With few exceptions, the artists in “The Material Image,” curated by Debra Singer, eschew straight photography, favoring instead sculptural, painterly, and collagist approaches to the medium. Process—not narrative or documentation—is foregrounded, and the results are oftentimes carefully constructed, seemingly hermetic, self-referential compositions. While some, including Amy Granat and Nick Mauss, employ nineteenth- and early-twentieth-century procedures such as the cliché verre and the photogram, others, such as Lucas Blalock and Marina Pinsky, combine analog and digital techniques to achieve fantastical, multilayered worlds. For many, the studio (with its attendant tools) is not only the site of production but also the subject of their work. This is true of both Michele Abeles and John Houck, who upend wonted figure-ground relations to create uncanny staged still lifes.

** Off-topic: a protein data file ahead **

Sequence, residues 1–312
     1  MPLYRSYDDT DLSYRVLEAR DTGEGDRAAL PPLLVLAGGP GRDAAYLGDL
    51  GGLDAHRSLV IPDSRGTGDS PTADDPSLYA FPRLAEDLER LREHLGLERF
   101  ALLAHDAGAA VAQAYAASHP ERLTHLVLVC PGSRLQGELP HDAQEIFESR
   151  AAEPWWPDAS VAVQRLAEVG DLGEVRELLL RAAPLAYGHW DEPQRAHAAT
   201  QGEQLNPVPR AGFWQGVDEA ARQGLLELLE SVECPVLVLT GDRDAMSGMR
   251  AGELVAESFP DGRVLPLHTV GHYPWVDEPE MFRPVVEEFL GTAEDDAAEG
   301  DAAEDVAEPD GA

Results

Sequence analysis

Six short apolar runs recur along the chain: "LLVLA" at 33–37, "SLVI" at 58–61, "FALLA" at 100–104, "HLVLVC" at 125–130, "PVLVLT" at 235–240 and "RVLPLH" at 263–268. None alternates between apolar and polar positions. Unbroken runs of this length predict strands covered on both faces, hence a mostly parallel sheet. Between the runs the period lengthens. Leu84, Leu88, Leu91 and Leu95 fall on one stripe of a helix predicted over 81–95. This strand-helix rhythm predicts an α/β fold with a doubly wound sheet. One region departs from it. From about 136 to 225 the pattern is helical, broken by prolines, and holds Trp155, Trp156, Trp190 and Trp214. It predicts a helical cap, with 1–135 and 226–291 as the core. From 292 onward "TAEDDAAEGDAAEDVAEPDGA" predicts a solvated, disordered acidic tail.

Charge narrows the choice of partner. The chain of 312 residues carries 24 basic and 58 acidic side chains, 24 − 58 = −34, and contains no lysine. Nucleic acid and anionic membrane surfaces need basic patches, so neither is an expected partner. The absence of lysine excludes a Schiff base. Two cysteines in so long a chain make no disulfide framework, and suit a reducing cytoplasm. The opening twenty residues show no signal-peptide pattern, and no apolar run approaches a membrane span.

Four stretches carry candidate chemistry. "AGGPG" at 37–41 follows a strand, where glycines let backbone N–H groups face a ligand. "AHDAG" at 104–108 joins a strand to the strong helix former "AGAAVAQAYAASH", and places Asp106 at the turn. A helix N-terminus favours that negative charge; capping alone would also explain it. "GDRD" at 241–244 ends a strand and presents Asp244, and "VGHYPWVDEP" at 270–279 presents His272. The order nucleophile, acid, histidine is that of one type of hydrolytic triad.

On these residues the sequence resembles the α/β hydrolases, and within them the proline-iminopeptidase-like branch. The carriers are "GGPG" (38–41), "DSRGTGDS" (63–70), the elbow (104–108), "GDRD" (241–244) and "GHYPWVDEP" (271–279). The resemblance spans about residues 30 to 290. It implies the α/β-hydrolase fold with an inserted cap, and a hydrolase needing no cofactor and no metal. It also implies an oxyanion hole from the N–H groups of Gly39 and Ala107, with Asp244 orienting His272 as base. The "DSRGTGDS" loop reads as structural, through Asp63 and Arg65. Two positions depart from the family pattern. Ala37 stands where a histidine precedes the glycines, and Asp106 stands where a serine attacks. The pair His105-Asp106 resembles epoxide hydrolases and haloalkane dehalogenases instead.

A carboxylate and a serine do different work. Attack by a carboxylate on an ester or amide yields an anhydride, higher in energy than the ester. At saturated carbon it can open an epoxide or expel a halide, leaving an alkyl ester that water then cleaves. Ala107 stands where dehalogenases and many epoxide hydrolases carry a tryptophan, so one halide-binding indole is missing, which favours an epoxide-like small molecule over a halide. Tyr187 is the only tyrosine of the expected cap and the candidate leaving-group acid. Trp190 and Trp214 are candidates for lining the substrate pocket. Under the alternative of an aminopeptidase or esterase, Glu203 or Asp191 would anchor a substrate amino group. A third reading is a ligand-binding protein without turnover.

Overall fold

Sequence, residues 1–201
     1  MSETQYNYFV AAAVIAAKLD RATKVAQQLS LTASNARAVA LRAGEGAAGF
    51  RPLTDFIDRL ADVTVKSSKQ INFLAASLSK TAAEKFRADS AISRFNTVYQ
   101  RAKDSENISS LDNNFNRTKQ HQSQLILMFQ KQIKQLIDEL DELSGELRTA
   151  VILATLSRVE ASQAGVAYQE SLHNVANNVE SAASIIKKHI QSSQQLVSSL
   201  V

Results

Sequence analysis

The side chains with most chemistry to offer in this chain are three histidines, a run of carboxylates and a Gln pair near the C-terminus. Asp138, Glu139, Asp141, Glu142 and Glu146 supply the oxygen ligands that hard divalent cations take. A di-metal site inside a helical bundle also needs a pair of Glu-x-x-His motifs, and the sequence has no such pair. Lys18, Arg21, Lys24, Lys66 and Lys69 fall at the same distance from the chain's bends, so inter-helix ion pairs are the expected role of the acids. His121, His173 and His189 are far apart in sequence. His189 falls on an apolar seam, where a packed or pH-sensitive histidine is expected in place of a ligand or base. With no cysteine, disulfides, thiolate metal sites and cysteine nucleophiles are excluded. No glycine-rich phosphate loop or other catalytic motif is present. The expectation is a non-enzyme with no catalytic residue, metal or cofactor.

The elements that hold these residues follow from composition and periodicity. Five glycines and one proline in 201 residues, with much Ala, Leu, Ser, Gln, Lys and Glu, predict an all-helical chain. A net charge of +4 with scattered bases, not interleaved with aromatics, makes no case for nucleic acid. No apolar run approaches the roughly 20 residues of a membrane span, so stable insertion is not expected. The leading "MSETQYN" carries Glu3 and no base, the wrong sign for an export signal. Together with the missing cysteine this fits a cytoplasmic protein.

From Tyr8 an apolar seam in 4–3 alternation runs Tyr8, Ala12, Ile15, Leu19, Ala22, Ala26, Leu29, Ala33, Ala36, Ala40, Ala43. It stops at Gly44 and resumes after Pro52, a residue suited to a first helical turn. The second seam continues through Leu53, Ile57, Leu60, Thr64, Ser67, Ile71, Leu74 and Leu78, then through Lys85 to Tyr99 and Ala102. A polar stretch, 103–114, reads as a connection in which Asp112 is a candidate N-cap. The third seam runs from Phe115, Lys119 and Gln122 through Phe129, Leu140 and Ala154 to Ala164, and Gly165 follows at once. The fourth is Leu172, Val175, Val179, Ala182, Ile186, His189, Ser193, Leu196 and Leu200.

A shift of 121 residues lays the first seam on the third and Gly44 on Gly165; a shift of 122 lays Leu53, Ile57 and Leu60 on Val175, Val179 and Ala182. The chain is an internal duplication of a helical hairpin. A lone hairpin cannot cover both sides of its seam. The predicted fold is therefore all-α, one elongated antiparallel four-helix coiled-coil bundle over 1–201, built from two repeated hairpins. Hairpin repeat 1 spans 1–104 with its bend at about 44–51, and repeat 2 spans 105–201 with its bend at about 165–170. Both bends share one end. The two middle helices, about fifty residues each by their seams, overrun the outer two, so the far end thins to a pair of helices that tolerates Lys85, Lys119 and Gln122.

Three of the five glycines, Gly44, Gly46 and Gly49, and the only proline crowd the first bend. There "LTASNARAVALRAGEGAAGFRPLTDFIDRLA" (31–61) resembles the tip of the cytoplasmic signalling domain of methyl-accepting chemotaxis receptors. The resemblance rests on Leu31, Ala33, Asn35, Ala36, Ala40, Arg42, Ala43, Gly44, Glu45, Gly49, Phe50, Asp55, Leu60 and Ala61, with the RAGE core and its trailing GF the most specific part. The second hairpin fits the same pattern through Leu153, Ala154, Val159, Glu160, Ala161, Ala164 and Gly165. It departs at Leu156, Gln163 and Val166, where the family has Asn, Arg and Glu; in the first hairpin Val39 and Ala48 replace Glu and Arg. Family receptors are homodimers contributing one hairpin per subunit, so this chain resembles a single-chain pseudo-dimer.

At the center of this abstract, intermedia turn in contemporary photography is Barbara Kasten, a champion of László Moholy-Nagy who since the 1970s has produced quasi-constructivist photochemical abstractions. Of her four works on view (one for nearly every decade of her career), Architectural Site 3, June 14, 1986, 1986, an electric, unmanipulated photograph for which she used color gels and mirrors to turn New York’s postmodernist Equitable Building topsy-turvy, is a standout. One can’t help but see the pictured Benday dots of a still-discernible Roy Lichtenstein mural as auguring the imminent arrival of the digital pixel—the miniscule dot responsible for the unchecked proliferation of images and, some might argue, end point of photographic novelty. The stakes have been set for the artists at task.